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Comment Re:I don't think they care (Score 1) 744

Worse, I doubt anonymous cares about Fred Phelps. heh

There's a suspicion that the WeBoBaps created that "Anonymous" announcement themselves as part of their attention-whoring. If so, the inbred weasels are now getting heavy traffic to their site from places like Slashdot and Fark, and it seems to be down. Call it a Ground Level Streisand Foot-Cannon?

Comment Re:Best snag a copy of that now (Score 1) 426

It would quite a fight since the New Yorker has the toughest fact-checkers in the business. However, it's unlikely to happen. While Scientology makes legal threats, huffs, puffs and throws poo, they haven't actually sued a publisher in quite a few years, and there have been countless critical articles and books since then, especially in the last three years.

Comment Re:Groklaw (Score 1) 129

I have a pocket watch hanging beside my monitor to "present information to the user in a non-distracting way from the user's primary interaction." Once Allen has finished with the biggies, he'll eventually work his way down to me. I've been doing that since 1992 or so. Bring it!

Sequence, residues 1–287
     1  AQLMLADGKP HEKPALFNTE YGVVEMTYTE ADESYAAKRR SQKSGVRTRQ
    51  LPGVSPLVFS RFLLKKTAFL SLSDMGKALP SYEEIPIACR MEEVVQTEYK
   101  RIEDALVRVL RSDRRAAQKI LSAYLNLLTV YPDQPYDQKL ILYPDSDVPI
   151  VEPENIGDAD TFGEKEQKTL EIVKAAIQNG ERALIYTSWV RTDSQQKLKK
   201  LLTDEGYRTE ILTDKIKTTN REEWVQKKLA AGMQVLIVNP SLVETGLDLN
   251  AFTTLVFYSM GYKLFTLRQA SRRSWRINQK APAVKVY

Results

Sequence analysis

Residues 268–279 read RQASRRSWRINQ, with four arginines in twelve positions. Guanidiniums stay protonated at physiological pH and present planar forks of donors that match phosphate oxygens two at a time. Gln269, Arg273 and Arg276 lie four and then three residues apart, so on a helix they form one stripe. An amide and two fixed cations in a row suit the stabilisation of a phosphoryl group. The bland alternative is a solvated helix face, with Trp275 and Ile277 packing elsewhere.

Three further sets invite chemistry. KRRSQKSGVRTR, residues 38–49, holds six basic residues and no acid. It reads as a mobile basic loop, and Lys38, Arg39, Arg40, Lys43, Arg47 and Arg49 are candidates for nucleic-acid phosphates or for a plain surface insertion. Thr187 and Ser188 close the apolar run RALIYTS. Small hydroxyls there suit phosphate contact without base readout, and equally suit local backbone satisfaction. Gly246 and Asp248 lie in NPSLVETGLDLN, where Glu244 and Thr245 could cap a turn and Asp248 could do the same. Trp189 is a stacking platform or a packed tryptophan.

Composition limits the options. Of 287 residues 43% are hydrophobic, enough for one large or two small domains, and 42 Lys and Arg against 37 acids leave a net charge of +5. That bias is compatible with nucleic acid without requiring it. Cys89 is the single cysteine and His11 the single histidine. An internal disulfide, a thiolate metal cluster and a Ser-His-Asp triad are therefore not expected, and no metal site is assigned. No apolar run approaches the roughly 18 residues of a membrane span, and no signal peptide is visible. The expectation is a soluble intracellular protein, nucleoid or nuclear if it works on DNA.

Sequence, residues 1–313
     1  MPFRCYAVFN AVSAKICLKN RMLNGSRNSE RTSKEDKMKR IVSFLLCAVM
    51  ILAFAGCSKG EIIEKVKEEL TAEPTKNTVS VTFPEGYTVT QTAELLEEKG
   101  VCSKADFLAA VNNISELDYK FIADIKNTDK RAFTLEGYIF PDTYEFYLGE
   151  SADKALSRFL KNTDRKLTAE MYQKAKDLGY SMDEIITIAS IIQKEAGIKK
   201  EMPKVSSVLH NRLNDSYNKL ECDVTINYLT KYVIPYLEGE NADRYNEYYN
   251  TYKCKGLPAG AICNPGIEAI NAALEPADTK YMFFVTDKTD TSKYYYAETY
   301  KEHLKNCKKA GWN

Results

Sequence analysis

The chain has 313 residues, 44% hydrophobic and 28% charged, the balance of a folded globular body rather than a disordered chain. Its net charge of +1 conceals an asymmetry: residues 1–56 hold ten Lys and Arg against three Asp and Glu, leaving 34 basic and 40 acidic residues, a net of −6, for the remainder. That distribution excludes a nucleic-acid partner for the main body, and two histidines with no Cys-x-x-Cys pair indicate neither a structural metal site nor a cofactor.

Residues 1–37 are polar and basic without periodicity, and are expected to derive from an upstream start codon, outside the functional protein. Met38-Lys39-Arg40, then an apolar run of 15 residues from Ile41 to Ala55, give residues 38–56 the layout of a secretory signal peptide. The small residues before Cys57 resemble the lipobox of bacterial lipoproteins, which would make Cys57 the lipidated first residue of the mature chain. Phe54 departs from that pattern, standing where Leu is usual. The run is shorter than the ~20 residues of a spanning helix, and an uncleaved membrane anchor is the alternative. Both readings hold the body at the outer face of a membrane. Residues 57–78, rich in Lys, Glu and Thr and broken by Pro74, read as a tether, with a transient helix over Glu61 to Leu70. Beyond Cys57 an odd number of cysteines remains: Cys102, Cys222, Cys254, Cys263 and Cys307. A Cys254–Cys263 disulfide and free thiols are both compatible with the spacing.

Businesses

Submission + - Scientology Could Lose Tax Breaks in UK

Pickens writes: "The Guardian reports that the government is urging councils across the United Kingdom to stop giving hundreds of thousands of pounds in tax breaks to the Church of Scientology. In the first time a cabinet minister has intervened in the long-running dispute over the tax breaks for Scientology, communities secretary, Eric Pickles, says a majority of the public do not want the "controversial organization" to be given the kind of favorable treatment usually reserved for charities and questioned this use of public money. "Tolerance and freedom of expression are important British values, but this does not mean that the likes of Church of Scientology deserve favored tax treatment over and above other business premises," says Pickles. "The Church of Scientology is not a registered charity, since the Charity Commission has ruled that it does not provide a public benefit. Nor are its premises a recognized place of worship." However Scientology has won some victories to gain tax-free or low-tax status. In 2000, it persuaded Revenue & Customs that it should be exempt from VAT on payments received because its services were educational and non-profitable and in a test case before the VAT tribunal, the Scientologists' lawyers forced the taxman to return £8m in overpaid VAT."

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